How evolution can change science for the better

Current reforms to end the 'rat race' between scientists can help; but are they enough?

January 28, 2021

Science is society’s best method for understanding the world. Yet many scientists are unhappy with the way it works, and there are growing concerns that there is something “broken” in current scientific practice.

Many of the rules and procedures that are meant to promote innovative research are little more than historical precedents with little reason to suppose they encourage efficient or reliable discoveries. Worse, they can have perverse side-effects that harm both science and scientists. A well-known example is the general preference for positive over negative results, which creates a “publication bias” — giving the false impression that certain effects exist, where in reality the dissenting evidence simply fails to be released. people in a classroom setting Image provided by the Anthro Illustrated project ( Download Full Image

Arizona State University researchers Thomas Morgan and Minhua Yan, working with ASU graduate Leo Tiokhin, now at Univ­ersity of Technology Eindhoven in the Netherlands, have developed a new model, published this week in Nature Human Behaviour, to better understand the challenges facing the scientific process and how we can make it better. They focused on the “priority rule”: the tendency for the first scientist to document a finding to be disproportionately rewarded with prestige, prizes and career opportunities while those in second place get little to no recognition.

Winner takes all

Many scientists have sleepless nights worrying about being “scooped” — fearing that their work won’t be considered “novel” enough for the highest-impact scientific journals because a different group working on the same topic manages to publish first. The priority rule has been around for centuries. In the 17th century, Isaac Newton and Gottfried Leibniz haggled over who invented calculus. And in the 19th century, Charles Darwin rushed to publish “On the Origin of Species” to avoid being scooped by Alfred Russel Wallace.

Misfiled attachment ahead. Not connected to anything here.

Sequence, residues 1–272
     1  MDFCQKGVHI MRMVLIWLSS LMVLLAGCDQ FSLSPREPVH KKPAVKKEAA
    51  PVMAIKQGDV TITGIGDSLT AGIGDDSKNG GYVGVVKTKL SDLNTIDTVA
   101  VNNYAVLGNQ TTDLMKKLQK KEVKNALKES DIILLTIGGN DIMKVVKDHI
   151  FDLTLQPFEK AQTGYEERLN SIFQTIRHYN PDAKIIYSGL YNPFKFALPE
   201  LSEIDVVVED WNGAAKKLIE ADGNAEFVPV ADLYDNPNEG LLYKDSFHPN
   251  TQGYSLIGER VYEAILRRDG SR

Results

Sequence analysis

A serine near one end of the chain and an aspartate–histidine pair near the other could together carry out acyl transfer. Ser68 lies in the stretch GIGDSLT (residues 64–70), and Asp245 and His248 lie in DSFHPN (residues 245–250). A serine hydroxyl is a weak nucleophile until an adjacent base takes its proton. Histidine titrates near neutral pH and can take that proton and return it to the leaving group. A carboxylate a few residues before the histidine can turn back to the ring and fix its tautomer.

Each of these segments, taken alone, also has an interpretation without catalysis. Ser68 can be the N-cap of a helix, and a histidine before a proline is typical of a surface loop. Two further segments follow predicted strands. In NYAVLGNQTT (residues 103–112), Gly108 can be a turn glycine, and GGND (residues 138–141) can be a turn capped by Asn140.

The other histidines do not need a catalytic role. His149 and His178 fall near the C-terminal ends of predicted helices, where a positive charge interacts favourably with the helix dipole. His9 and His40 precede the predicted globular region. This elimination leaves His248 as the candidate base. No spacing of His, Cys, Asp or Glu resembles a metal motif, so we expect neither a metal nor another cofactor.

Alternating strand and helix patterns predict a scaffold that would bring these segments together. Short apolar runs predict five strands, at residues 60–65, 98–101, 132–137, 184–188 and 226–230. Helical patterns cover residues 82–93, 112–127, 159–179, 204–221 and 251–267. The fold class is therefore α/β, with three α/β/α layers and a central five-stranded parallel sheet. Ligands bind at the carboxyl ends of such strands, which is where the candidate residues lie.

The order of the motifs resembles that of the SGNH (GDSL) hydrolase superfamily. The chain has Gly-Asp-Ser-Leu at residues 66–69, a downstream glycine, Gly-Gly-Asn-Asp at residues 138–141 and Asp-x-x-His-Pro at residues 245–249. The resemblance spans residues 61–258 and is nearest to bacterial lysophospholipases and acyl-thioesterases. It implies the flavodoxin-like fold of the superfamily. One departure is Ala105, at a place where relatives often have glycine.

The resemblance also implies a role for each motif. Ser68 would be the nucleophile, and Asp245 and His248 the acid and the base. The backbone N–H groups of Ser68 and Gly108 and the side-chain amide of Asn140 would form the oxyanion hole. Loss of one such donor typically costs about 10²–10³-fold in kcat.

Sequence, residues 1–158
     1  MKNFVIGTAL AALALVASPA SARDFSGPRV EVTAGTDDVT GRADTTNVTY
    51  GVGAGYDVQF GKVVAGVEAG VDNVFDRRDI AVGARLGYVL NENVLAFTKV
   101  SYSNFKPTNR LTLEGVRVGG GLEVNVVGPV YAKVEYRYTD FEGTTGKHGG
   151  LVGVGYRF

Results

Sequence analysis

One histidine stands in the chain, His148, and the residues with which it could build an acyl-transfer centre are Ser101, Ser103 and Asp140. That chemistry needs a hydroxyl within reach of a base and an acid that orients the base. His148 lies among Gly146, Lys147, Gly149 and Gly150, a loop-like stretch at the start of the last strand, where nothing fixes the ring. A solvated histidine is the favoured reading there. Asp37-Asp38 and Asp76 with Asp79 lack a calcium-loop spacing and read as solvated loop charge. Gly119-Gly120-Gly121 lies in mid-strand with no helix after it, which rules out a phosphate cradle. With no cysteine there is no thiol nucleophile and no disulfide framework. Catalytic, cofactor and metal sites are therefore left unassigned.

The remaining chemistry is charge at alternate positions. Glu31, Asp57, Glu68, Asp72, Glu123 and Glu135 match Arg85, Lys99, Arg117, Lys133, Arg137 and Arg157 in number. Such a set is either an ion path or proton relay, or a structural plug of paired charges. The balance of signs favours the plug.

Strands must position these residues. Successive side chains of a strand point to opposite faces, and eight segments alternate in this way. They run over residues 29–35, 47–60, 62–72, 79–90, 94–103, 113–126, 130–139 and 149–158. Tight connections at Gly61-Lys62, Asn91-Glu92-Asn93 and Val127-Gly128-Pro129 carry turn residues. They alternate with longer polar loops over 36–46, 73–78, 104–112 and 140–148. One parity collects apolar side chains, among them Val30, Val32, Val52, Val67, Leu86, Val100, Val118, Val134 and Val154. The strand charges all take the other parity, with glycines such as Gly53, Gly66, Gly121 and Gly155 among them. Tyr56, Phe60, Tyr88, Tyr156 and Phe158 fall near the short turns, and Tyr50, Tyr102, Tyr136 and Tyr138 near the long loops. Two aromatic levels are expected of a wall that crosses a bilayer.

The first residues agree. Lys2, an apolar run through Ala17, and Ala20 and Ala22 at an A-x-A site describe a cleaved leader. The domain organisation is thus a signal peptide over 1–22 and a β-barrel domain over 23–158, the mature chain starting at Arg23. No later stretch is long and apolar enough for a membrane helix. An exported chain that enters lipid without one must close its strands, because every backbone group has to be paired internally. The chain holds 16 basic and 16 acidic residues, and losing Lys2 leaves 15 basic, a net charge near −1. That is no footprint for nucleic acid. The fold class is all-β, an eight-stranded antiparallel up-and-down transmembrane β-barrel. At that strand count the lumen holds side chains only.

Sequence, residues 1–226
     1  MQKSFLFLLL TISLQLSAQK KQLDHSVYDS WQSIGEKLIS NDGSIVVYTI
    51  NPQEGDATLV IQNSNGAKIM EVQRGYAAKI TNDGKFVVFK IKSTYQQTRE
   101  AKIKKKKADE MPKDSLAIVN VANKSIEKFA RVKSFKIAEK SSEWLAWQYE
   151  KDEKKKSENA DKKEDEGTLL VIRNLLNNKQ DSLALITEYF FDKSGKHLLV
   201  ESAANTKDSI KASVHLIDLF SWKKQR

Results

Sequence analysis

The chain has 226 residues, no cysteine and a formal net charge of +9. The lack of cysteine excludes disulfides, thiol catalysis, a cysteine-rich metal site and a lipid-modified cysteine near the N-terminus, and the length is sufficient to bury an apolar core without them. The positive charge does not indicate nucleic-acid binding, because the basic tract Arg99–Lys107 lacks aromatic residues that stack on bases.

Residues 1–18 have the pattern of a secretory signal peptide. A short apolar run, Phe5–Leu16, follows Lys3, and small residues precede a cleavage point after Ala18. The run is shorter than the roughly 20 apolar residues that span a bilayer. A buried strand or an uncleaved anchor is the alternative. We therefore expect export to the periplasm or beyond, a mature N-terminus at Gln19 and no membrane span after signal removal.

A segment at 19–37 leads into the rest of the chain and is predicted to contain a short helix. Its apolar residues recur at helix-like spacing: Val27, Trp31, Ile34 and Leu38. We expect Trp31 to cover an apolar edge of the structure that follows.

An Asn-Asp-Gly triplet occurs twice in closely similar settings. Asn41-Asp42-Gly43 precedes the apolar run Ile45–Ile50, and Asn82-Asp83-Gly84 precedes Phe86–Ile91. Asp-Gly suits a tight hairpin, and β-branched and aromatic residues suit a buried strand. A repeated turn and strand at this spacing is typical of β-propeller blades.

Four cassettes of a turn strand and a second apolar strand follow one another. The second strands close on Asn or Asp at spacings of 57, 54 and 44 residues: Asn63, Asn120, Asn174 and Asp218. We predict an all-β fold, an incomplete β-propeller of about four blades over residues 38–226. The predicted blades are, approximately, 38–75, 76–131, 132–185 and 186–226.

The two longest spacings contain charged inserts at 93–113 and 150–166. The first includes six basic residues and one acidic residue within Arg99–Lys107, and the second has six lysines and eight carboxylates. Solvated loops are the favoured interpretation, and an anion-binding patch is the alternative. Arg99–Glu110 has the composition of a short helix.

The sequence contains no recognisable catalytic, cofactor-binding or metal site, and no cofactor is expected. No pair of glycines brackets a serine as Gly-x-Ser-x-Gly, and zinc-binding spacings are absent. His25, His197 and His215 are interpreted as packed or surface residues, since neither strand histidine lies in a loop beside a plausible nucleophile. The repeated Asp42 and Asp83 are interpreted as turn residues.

“Rewarding priority is understandable and has some benefits. However, it comes at a cost,” Tiokhin said. “Rewards for priority may tempt scientists to sacrifice the quality of their research and cut corners.”

“The idea is that competition encourages scientists to work hard and efficiently, such that discoveries are made quickly," said Morgan, a research affiliate with the Institute of Human Origins and associate professor with the School of Human Evolution and Social Change. "But if everyone is working hard, and you need to come in first to be successful, then there’s a temptation to cut corners to maximize your chances, even if it means the science suffers.” 

This is partly why some academic publishers, such as PLOS and eLife, now offer “scoop protection,” allowing researchers to publish findings identical to those already published within a certain timeframe. The problem is that science and publishers currently don’t have a good idea about whether these reforms make sense.

Modeling the priority rule

To figure out how exactly the preference for priority affects science, and whether recent reforms offer any solution for its potential drawbacks, the collaborators developed an “evolutionary agent-based model.” This computer model simulates how a group of scientists investigate or abandon research questions, depending on their own results and the behavior of other scientists they compete against.
“The benefit of an evolutionary simulation is that we don’t need to specify in advance how scientists behave. We just create a world in which success is rewarded, and we let selection figure out what kinds of behavior this favors,” Morgan said. “We can then vary what it means to successful — for instance, whether or not it’s critical to come first — and see how selection changes the behavior of scientists in response. We can also measure the benefit to society — are scientists being efficient? Are their findings accurate? And so on.” 

No panacea

The researchers found that a culture of excessive rewards for priority can have harmful effects. Among other things, it motivates scientists to conduct “quick and dirty” studies, so that they can be first to publish. This reduces the quality of their work and harms the reliability of science as a whole.